Meeting the fiscal deficit target of 3.1% of GDP maintained by the Mexican government for the end of the year, in a context of lower public revenues, implies that spending cuts are coming, warned the rating agency Fitch Ratings.
When the government cuts its economic growth forecast, which was the basis for the federal budget, it is assumed that they will not have the anticipated revenue. And to honor the commitment to fiscal stability, the alternative is to adjust public spending, he stressed.
In a special comment, without impact on the sovereign rating, Fitch’s Latin America ratings director, Carlos Morales, He specified that Mexico cannot count on higher revenues related to oil, despite the fact that a benefit will be seen from higher international prices.
This is because the fiscal stimuli that the Mexican government is applying to fulfill its commitment to keep gasoline prices stable will consume the higher revenues that will come from the sale of oil.
He also specified that the government’s growth projections, included in the General Economic Policy Precriteria for 2023, sound “optimistic”, which can lead to an overestimation of income.
Just last Friday, the federal government cut the GDP forecast, to a range between 1.4 and 3.4 percent.
This new official projection is far from the 4.1% estimated in December and is also far from the 2% that the rating agency has as its revised expectation.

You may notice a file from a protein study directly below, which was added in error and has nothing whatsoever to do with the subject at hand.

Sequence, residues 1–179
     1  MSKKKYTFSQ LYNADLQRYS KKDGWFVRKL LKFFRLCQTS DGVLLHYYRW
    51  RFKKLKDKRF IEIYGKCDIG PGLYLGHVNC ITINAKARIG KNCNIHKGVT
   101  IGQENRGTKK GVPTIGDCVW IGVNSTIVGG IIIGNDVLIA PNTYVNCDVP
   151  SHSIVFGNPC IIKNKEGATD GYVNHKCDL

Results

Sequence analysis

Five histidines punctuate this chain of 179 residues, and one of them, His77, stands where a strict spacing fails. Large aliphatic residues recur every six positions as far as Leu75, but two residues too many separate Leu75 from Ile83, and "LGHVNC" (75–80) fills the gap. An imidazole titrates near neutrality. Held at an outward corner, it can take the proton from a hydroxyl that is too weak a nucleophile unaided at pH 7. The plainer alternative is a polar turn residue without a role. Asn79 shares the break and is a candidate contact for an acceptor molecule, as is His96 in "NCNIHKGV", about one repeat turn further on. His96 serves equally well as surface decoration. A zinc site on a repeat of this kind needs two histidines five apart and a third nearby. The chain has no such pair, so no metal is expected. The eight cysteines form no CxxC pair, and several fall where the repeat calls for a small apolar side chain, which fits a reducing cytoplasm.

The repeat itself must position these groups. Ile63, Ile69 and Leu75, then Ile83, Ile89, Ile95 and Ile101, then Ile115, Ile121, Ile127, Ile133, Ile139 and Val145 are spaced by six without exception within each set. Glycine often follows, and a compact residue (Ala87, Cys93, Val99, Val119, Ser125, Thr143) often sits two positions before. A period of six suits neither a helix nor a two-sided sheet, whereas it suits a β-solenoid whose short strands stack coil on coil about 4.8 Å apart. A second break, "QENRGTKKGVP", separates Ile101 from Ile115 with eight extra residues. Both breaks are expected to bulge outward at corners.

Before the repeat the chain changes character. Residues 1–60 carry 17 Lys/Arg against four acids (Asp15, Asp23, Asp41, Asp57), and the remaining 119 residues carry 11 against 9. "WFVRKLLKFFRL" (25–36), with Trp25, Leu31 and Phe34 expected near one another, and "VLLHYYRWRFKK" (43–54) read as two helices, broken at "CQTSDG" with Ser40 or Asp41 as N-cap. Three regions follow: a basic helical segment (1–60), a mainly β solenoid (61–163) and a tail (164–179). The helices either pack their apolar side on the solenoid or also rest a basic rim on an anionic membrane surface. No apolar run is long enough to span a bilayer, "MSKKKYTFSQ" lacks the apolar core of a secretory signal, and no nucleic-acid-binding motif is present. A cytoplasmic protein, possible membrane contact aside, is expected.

In the document presented last Friday by the Treasury, they left the public deficit unchanged at 3.1% of GDP “in line with the estimates presented in the 2022 Economic Package.” And they stressed that the primary balance will be located at 0% of the GDP “which compares favorably with the deficit foreseen in the program of 0.3% of the Product”.
Regarding the expected assumptions for 2023, the analyst considered that a prudent fiscal policy is maintained that points to a zero primary result consistent with a stable debt load as a percentage of GDP.
As the agency put it, economic activity has stagnated since the end of last year due to weak investment and the effect of last year’s labor reform.
For the coming year, the Treasury projects a range of GDP growth between 2.5 and 3.5 percent. This forecast is slightly lower than originally forecast at 2.9 to 3.9 percent.
This revised performance is lower than the 2% projected by Fitch for the performance of the Mexican economy in 2023.